Here, is the required report in PDF format. Compiled by Alapan Chaudhuri and Kunwar Shaanjeet Singh Grover.

Linear Regression in sklearn

Write a brief about what function does the method, LinearRegression().fit() performs.

LinearRegression() is a model that fits a one degree function onto the given data.

To fit the model we call LinearRegression().fit($\mathbf{X}, \mathbf{y}$) where $\mathbf{X}$ is the matrix whose rows are the input attributes and $\mathbf{y}$ is the target vector.

The $i^{th}$ row of $\mathbf{X}$ are the attributes whose target value is $i^{th}$ element of $\mathbf{y}$.

How does it fit?

The model finds the perfect linear fit by minimizing the mean squared error by performing gradient descent. The error which has to be minimized is defined as:

$\mathbf{E} = \frac{(\mathbf{y} - (\mathbf{W}^T \mathbf{x} + \mathbf{b}))^T(\mathbf{y} - (\mathbf{W}^T \mathbf{x} + \mathbf{b}))}{\mathbf{N}}$

where, $\mathbf{N}$ is the number of data points in the data.

Numerical method of solving

Rather than calculating the derivates and finding the minima of the cost function, which is computationally very heavy for datasets which have a lot of attributes, LinearRegression() performs gradient descent.

Gradient descent has a starting point at which it calculates the gradient and takes a "step" in the opposite direction. The point it arrives to is the next point from which the process is repeated till it reaches a minima.

Although this method is susceptible to errors when the data is noisy, in general this method works and is used by LinearRegression() to fit the data and minimize the cost.

Performing Polynomial Regression

Performing preprocessing on the data to convert the attributes to polynomial attributes can be done after which performing linear regression will be equivalent to polynomial regression.

Polynomial transformation

To perform a polynomial regression, we first transform the input vector to its higher degree vector. for a 1 attribute input, its quadratic formation will be:

$x \rightarrow [ x, x^2]$

A more complicated example is as follows:

$\begin{pmatrix} x \\ y\end{pmatrix} \rightarrow \begin{pmatrix} x & y & xy & x^2 & y^2 \end{pmatrix}$

Linear regression

Now the input for the linear regression will be the output of the polynomial transformation. Linear regression will treat the values as different attributes.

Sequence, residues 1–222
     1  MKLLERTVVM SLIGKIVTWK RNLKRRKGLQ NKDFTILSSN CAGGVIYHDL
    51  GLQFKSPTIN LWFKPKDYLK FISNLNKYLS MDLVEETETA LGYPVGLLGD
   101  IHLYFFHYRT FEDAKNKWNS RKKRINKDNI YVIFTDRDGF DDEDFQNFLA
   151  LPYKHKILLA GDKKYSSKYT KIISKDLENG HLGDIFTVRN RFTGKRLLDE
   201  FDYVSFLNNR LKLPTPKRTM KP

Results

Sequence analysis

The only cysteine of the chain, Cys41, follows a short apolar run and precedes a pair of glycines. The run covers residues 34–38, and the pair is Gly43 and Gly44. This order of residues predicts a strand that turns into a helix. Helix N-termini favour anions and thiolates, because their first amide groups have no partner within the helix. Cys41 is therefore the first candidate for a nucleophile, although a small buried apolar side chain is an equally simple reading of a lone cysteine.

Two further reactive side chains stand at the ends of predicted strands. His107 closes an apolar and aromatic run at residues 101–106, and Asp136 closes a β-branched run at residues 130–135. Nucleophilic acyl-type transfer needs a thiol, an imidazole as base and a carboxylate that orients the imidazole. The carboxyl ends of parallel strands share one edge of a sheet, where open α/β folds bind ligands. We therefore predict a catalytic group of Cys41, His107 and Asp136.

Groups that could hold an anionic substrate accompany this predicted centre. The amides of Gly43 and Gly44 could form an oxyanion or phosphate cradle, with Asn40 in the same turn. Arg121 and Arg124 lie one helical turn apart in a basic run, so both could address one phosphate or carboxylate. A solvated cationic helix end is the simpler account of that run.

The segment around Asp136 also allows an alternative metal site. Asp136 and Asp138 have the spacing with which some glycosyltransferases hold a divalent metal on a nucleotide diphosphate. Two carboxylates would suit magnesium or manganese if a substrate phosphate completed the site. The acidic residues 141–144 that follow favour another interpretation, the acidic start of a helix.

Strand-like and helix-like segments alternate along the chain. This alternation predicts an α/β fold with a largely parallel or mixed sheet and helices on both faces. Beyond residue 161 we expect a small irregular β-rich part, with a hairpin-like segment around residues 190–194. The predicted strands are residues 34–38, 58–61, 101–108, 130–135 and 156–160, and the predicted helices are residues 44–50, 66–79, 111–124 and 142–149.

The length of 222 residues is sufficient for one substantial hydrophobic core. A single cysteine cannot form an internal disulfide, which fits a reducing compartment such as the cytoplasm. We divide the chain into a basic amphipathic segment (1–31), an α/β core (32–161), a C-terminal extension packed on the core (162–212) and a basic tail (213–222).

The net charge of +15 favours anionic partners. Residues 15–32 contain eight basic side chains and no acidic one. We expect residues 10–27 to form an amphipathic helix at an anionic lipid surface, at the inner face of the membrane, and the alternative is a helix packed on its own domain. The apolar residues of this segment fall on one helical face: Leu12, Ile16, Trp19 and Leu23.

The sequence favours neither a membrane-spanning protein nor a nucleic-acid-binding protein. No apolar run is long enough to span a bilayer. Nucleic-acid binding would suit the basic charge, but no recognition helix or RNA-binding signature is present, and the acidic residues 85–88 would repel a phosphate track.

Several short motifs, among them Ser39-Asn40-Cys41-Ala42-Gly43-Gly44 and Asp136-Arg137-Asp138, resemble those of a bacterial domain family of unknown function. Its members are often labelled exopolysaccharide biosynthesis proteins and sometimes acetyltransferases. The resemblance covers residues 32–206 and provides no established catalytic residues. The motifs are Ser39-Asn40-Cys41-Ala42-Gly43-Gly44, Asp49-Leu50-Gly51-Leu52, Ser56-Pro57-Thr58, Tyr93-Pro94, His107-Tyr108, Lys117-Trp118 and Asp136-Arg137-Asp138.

For example:

$x \rightarrow [x, x^2] \rightarrow b + w_1x + w_2x^2$

Linear regression will find the best parameters which are nothing but the coefficients of the required polynomial.

Doing polynomial transformation followed by Linear Regression is no different than doing polynomial regression.

Output calculation

When calculating the output, we first convert the input attributes to their higher degrees and then those values are then fit onto the regression model.

Averaging over all data-points

Since $\text{bias}^2, \text{variance \& mean squared error}$ are calculated for each point, we take their average over all the points to obtain the aggregate over the complete test data set.

Results

Visualization of Training Data

Visualization of Test Data

Batching

Given data was in 2 different files, test and train. Training data was split into 10 random batches, the data was then plotted, as you can see it was randomly distributed giving us less dense versions of the training set. We create a model of each degree by fitting each data set.

Visualizing fit over Test Data

Please check code.ipynb for all the plots. Here, I am putting down only the first 3 and the last 3 plots.

Degree 1, 2 and 3 respectively

It can be noticed that all the fits after degree 3 are quite similar. As we go even higher (in terms of degree), there arises some level of overfitting which can be noticed in the plots below.

Degree 18, 19 and 20 respectively

Tabulation of the Error Values

Tabulate the values of bias, variance and irreducible error, as obtained for different degrees.

The general trend is that Bias decreases a lot relatively (and then increases after degree 10), Variance increases, and MSE dips and goes back up. This is because a lower-degree polynomial will underfit the data (you can observe the values of bias and variance for degrees 1 and 2). A higher-degree polynomial will tend to overfit the data. This is the cause for the inaccuracy in polynomials of degree 15 and more.

The later increase (at higher degrees) in Bias and Bias Squared may also be contributed due to fractional errors (during computation/calculation).

Whereas the irreducible error as expected stays the same, and since we can see that test data is very structured, there is almost no irreducible error.

To have a better understanding it is better to plot these points on a plot.

Plotting the Error Values

Based on the variance, bias and total error calculated in earlier tasks, plot the $\text{Bias}^2$-$\text{Variance}$ tradeoff graph.

As expected, the drop in error and the minimum occurs at degree 3 since the test data resembles a degree 3 polynomial. Anything below degree 3, massively underfits the given test data.

Also, after degree 10, the behavior of data is pretty interesting. In this case, we have our test data as a 3 degree polynomial and we are trying to fit a higher degree polynomial.

This means that the higher order approximations probably would not be smooth since the training data itself is so broad and the functions have such a large domain.

This results in undesirable effects of overfitting and the bias increases.